When the refill toner particles are discharged from the toner exit port by such negative pressure, refill toner particles near the toner exit port are discharged to the outside of the toner storage unit and then refill toner particles far from the toner exit port move toward the toner exit port. In such toner storage unit, discharging of refill toner particles and movement of refill toner particles can be performed by a sucking effect of the powder pump, therefore eliminating the need for the toner storage unit to have a toner transport device for moving refill toner particles.

However, when toner particles and carrier particles are separately filled in a developing agent storage device such as the aforementioned volume reducible storage unit as refill developing agent, some drawbacks occur.

For example, depending on the way in which the carrier particles are put in the developing agent storage device, the carrier particles may not be discharged from the developing agent storage device, or only carrier particles are discharged from the developing agent storage device. If carrier particles remain in the developing agent storage device without being discharged, the developing unit is not effectively refilled with the carrier particles, and thereby degradation of developing agent cannot be reduced or prevented. Further, if only carrier particles are discharged from the developing agent storage device, carrier transport by a powder pump may be stopped, in which case carrier particles clog the transport route device even if negative pressure is applied.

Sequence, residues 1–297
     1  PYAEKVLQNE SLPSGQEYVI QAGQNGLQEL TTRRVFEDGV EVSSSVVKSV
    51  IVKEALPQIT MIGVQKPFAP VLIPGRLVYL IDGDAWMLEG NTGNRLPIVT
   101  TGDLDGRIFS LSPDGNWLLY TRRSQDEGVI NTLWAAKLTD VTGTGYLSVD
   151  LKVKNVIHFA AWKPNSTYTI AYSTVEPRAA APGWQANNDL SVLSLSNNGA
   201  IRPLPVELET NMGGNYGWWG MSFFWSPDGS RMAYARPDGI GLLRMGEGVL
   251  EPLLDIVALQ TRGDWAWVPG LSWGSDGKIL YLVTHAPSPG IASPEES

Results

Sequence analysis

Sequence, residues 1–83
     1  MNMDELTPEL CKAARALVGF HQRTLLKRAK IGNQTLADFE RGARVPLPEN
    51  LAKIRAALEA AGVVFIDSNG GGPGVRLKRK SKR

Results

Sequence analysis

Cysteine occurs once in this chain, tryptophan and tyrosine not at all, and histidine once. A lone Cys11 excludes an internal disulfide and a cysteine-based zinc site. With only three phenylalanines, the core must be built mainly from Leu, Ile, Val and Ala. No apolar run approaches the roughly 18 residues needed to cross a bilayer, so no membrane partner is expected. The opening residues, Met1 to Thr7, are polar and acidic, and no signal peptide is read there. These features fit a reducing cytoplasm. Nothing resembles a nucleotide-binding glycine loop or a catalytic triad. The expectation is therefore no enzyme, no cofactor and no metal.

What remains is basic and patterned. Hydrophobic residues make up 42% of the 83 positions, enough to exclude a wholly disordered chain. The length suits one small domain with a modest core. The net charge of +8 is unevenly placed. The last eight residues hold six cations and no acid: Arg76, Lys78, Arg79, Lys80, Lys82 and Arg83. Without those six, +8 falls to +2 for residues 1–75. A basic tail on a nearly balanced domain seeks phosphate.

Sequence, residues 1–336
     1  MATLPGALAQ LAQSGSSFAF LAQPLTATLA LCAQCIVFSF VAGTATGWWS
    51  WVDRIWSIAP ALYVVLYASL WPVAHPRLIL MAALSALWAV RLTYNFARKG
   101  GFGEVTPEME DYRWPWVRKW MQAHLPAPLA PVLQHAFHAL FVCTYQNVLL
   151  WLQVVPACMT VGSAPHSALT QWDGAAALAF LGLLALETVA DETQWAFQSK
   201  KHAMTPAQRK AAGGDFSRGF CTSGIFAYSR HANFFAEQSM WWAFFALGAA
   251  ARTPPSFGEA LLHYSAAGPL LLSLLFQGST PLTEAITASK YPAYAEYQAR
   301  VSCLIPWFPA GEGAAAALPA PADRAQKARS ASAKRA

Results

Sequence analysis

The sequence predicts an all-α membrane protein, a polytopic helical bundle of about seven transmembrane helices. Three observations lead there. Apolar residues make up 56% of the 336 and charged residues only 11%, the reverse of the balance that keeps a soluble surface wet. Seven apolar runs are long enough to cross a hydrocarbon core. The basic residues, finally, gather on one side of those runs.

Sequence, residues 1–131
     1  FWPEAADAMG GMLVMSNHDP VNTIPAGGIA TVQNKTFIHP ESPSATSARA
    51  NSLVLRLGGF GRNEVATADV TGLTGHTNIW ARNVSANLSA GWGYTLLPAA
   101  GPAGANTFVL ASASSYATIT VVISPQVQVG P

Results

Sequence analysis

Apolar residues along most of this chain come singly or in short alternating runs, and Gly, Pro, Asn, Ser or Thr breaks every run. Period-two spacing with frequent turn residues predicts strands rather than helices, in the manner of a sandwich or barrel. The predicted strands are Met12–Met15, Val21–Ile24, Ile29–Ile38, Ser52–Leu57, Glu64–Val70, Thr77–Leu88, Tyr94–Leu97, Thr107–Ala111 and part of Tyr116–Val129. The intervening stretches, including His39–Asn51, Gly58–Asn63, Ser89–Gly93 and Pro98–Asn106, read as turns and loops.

In light of such drawbacks of filling a developing agent storage device with toner particles and carrier particles separately, a given amount of carrier particles can be mixed in with the toner particles in advance so that the developing agent, having uniformly dispersed toner and carrier particles therewithin, can be provided to a developing agent storage device. If such mixing process is conducted for every one of the developing agent storage devices, the aforementioned irregular discharge of carrier can be reduced or prevented.

However, for reasons of manufacturing efficiency and cost, such developing agent having pre-mixed toner and carrier particles is generally prepared in bulk. However, because the toner and carrier particles have different specific gravities they cannot be uniformly mixed in bulk. As a result, multiple developing agent storage devices manufactured from even the same bulk mixture of toner and carrier can have differences or variances in the amount carrier in each of developing agent storage devices. In extreme cases, some developing agent storage devices have no carrier. Obviously, such developing agent storage device cannot supply carrier to the developing unit, which results in degradation of the developing agent.

Accordingly, a developing agent storage device that can effectively and efficiently supply carrier to a developing unit used in an image forming apparatus is desired.

SUMMARY

In an aspect of the present disclosure, a developing agent storage device for storing a refill developing agent includes toner particles, carrier particles, an inner layer of the developing agent storage device. The toner particles and carrier particles compose the refill developing agent. The inner layer is provided as a wall contacting the refill developing agent. An electrostatic chargeability level of the toner particles, the carrier particles, and the inner layer is set in an order of toner, inner layer, and carrier from any one of a negative charge side and a positive charge side.